By Smita Menon.

The Covid-19 vaccination roll out has accelerated in the past month, vaccinating about 30% of the eligible population as of 22nd August 2021. The Australian Government offers the vaccine for free and at this stage it is voluntary, except for public health workers, other service workers and workers from listed industries.

The issue of mandatory vaccinations has been hotly debated. At workplaces, employers are encouraging their employees to get vaccinated to minimise the risk of exposure to Covid-19.

Can employees be forced to vaccinate?

No, employees have the right to choose to be vaccinated or not, as they may have a legitimate reason to not be vaccinated. But an employee in certain circumstances will be required to get vaccinated to comply with obligations under a work health and safety law COVID-19 Information for workplaces | Safe Work Australia.

What if an employee refuses to get vaccinated?

While some of the businesses are following the whole “No Jab, No Job” policy, this is a coercive approach that is debatable. Instead, employers can support their employees by:

  • Providing leave or paid time off for employees to get vaccinated
  • Helping to ensure employees have access to reliable and up-to-date information about the effectiveness of vaccinations – Learn about COVID-19 vaccines | Australian Government Department of Health on the Department of Health’s website
  • Where employees do not wish to be vaccinated, or don’t yet have access to vaccinations, explore other options including alternative work arrangements.

When undertaking this case-by-case assessment, it may also be helpful as a general guide to divide work into 4 broad tiers COVID-19 vaccinations: workplace rights & obligations – Fair Work Ombudsman:

  • Tier 1 work, where employees are required as part of their duties to interact with people with an increased risk of being infected with coronavirus (for example, employees working in hotel quarantine or border control).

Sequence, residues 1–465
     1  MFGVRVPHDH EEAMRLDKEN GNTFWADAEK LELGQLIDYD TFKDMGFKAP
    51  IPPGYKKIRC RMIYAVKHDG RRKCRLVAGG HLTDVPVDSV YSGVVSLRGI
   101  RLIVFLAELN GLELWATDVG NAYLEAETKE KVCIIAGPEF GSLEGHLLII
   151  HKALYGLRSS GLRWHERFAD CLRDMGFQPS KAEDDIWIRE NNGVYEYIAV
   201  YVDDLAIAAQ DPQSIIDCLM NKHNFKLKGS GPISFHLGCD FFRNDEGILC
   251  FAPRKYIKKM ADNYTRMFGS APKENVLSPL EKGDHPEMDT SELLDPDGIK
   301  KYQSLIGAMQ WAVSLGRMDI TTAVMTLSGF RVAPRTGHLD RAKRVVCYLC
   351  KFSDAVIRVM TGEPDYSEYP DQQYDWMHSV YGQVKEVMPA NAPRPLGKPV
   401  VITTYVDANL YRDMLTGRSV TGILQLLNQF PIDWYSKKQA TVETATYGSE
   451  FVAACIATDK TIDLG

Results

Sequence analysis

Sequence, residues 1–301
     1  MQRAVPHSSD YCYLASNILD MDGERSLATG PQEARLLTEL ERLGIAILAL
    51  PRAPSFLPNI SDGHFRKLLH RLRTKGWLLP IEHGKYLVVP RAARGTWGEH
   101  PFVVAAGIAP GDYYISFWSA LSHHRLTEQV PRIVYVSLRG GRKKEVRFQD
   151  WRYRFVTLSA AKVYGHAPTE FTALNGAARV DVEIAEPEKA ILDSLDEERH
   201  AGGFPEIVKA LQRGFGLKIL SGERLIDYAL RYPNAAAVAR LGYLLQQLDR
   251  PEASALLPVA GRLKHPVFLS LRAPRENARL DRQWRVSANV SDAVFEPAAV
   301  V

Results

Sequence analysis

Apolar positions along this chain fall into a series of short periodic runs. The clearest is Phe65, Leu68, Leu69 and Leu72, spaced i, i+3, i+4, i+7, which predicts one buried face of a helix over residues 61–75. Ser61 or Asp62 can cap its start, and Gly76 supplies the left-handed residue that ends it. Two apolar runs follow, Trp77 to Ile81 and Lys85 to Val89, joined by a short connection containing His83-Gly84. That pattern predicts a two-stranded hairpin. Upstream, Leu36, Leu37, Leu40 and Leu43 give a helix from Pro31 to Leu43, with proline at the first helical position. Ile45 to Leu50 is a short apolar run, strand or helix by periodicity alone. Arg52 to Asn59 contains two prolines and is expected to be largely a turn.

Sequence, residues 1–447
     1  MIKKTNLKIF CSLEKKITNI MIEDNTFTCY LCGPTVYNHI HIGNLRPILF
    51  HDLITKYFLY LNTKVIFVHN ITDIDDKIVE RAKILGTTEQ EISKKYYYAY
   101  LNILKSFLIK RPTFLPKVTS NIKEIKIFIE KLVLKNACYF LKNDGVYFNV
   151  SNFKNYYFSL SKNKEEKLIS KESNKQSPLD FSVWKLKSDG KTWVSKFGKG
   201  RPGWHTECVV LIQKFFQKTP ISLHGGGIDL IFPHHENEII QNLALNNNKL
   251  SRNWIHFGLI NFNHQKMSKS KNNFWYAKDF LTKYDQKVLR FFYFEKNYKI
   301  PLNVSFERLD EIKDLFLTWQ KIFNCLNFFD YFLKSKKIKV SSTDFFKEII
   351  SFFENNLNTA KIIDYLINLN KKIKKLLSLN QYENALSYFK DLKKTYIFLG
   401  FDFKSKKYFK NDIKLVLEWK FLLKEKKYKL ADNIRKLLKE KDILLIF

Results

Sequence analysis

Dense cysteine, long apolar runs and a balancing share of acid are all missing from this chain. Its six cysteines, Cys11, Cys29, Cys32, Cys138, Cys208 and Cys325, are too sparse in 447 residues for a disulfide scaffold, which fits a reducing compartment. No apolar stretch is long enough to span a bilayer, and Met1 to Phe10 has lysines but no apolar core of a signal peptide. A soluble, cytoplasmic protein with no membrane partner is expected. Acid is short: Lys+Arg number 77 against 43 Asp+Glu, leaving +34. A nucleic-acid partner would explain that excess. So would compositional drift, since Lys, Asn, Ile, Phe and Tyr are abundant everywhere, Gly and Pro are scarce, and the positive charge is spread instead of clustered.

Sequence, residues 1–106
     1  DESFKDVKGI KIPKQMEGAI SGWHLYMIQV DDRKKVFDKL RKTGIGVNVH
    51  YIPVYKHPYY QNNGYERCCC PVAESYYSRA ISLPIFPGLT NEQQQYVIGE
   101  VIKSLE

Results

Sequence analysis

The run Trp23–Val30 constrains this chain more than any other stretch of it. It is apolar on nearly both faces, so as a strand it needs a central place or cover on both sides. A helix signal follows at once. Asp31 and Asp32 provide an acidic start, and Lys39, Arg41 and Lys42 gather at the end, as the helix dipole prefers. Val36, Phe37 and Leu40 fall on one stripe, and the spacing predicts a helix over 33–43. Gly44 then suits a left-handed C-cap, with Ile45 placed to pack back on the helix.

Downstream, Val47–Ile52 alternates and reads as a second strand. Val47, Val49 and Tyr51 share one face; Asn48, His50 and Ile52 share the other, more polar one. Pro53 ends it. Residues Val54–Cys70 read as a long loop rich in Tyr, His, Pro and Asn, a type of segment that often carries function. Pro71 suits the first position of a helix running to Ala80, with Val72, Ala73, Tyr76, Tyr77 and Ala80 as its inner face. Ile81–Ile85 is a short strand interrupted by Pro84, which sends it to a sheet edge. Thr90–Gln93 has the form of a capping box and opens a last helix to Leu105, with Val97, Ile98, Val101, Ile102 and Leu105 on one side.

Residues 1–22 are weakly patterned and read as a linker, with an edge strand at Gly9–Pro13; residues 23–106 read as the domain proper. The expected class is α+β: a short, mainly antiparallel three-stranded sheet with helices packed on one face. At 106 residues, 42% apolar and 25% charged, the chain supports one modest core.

• Tier 2 work, where employees are required to have close contact with people who are particularly vulnerable to the health impacts of coronavirus (for example, employees working in health care or aged care).
  • Tier 3 work, where there is interaction or likely interaction between employees and other people such as customers, other employees, or the public in the normal course of employment (for example, stores providing essential goods and services).
  • Tier 4 work, where employees have minimal face-to-face interaction as part of their normal employment duties (for example, where they are working from home).


A workplace may have a mix of employees, with different employees performing work in different tiers, all of which could change over time. The coronavirus pandemic doesn’t automatically make it reasonable for employers to direct employees to be vaccinated against the virus.

If you are unsure about how to approach this in your workplace, please don’t hesitate to get in touch with us for advice .

Integrated Human Resourcing is an outsourced HR firm based on the Gold Coast, Australia. Contact us here or call 5613 1846 / email: info@humanresourcing.com.au